Next mods will probably be RF & first IF amp stages but, even without them, I was able to hear five NDBs during the day & more at night including DDP-San Juan, PR, using only the built-in 4 foot whip antenna after the upgrades shown in these postings were completed where before, I could only hear FN-269 in Flint, MI, about 25 miles distant, during the day.  [Also, for those interested, I found that rosin soldering flux can be removed from PC boards with denatured alcohol or 91% isopropyl alcohol.]  73s.
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« Last Edit: 11/10/10 at 05:51:53 by Administrator »  

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Re: Heathkit SW-7800: Comments & Mods
Reply #3 - 03/13/11 at 20:17:29
 
Since last fall I've made a few more improvements to this receiver in three areas; what follows is a description of these wiring changes.
[1] BFO Fix.  First, there was a problem with the BFO that I didn't notice until recently probably because I didn't use it very often: the BFO frequently wouldn't oscillate in LSB or USB modes.  I compared BFO voltages to those shown on the schematic & they were OK. I tried tweaking the bias with only slight improvement.  Next I tried installing a 1K resistor between the +11V common & the junction of R484 & R508 so that the BFO [& product detector] receive partial power while the radio's operating in AM but this didn't help much either.  Finally, it occurred to me that the 7.5-7.6-volt BFO supply after zener diode D429 & R508 might be a little low for stable operation so I replaced D429 with a 1N4739 [or NTE139A], 9-volt zener.  Now, the BFO seems to work great after recalibration.  I'm attaching a sketch showing these & other changes but, if anyone has a BFO problem, start by replacing D429.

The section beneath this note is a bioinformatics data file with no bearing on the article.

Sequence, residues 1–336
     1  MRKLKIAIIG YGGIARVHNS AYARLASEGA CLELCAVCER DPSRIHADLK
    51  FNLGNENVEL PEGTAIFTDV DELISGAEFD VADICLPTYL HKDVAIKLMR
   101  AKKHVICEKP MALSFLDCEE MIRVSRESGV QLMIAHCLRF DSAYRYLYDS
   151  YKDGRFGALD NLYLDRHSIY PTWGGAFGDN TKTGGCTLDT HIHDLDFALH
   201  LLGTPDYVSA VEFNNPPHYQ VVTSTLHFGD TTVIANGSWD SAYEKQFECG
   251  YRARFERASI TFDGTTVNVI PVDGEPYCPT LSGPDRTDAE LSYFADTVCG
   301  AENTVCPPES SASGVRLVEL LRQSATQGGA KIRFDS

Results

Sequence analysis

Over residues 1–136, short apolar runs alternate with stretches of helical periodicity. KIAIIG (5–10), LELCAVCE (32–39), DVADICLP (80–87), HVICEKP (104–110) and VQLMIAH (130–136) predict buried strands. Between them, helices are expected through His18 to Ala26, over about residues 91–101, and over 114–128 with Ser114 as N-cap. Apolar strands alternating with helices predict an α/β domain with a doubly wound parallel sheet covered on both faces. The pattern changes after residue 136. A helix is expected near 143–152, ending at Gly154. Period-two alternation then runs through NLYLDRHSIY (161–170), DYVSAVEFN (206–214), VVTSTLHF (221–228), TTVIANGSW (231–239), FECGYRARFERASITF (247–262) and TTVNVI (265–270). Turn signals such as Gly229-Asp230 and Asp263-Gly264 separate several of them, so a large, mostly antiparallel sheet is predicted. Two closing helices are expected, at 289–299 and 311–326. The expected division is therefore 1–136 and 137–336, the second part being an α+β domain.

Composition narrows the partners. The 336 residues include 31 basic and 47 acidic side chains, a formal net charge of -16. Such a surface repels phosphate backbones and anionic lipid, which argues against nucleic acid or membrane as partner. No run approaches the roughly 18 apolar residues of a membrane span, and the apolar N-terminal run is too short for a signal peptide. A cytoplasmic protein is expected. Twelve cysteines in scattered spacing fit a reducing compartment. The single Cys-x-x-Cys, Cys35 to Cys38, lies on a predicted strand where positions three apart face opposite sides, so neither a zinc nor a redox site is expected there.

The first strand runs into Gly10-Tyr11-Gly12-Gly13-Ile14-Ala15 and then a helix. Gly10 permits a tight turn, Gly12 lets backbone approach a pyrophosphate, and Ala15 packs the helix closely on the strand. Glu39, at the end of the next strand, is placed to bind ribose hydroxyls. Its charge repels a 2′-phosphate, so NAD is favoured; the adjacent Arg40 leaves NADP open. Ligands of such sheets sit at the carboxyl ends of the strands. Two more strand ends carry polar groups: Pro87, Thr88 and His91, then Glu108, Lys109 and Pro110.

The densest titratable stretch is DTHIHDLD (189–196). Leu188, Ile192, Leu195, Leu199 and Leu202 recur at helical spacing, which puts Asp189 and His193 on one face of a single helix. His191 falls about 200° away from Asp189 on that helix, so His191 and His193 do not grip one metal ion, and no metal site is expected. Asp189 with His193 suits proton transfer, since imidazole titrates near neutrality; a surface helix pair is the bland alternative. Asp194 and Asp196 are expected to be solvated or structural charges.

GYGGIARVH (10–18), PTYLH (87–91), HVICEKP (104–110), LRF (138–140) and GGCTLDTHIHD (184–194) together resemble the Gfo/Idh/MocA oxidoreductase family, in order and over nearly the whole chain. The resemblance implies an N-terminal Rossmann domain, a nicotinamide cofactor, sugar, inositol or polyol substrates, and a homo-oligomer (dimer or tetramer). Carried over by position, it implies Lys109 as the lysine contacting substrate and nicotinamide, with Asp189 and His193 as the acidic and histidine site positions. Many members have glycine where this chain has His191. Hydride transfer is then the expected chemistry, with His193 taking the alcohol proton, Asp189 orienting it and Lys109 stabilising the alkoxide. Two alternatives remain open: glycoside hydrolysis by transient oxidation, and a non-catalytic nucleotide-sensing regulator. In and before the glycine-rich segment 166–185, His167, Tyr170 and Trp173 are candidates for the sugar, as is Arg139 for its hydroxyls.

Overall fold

[2] AGC.  I also added an RF amp stage which I'll cover shortly but the extra gain from it causes overload because the AGC circuit as designed, & even after my earlier changes, can't compensate enough.  This is because the signal from the detector diodes, D415 & D416 grows more negative [with respect to ground] as the signal strength increases & is applied to the inverting input of the AGC amp, U407.  However U407 is fed from a single-ended [11VDC] power supply so its output can't respond to an input going negative beyond zero volts; instead the output jumps to about 10.5 volts & shuts down the [second IF amp, U403].  I thought of two ways to correct this; first, basically is to reverse the polarity of the detector diodes, D415 & D416, & swap the signals to the inverting & non-inverting inputs of U407.  I chose not to do this because of the daunting logistics of extensive PC board mods.  The other way is to add about 3VDC of bias to the inverting input of U407 & increase the voltage to its non-inverting input so as to approximately equal or balance the two with no RF signal present.  That way even the strongest signals will never drive U407's inverting input to zero volts but will allow the inverting input to always track the signal from the detector.  I didn't want to use batteries for the 3-volt bias supply to U407's inverting input because of the hassle of replacing them.  Instead I added another secondary winding to the power transformer, T1.  I found just enough space between the doughnut or winding package & the two outside "posts" or end legs of the core for 30-gage kynar or PVC-insulated [wire wrap] wire.  Each turn of wire yields about 0.06 VAC so, ideally, there should be about 50 turns of wire, 25 on each end, connected in in phase so as to produce about 3 VAC.  This new secondary winding is then connected to a diode bridge made from Schottky diodes to minimize forward voltage drop across them.  If there isn't enough room to add all 50 turns to the transformer then put on as many as possible; the AGC action will be controlled by a user-accessible pot.  Also note the 3.3V zener across the DC output from the diode bridge; its purpose is to regulate the bias voltage to the inverting input as is the zener on the non-inverting input circuit so a momentary AC supply voltage change won't cause the input signal to temporarily overload or disappear.  Notice there's no current limiting resistor between the bridge & the zener; none's needed here because of the resistance from the inefficient magnetic coupling to the added secondary winding.  While this works great there's one more thing to point out: adding this new secondary winding to the AGC circuit precludes this radio from being 12-volt battery-powered without using a 12VDC to 120VAC inverter.  I made the bias voltage to U407's non-inverting input adjustable by means of a 100K potentiometer which I mounted on a bracket or panel on the back of the radio facing the front.  I made the mounting panel wide enough to accommodate additional controls.  Since the SW-7800 has no switch to disable the AGC for weak stations this pot is handy for setting the AGC level for both strong & DX signals.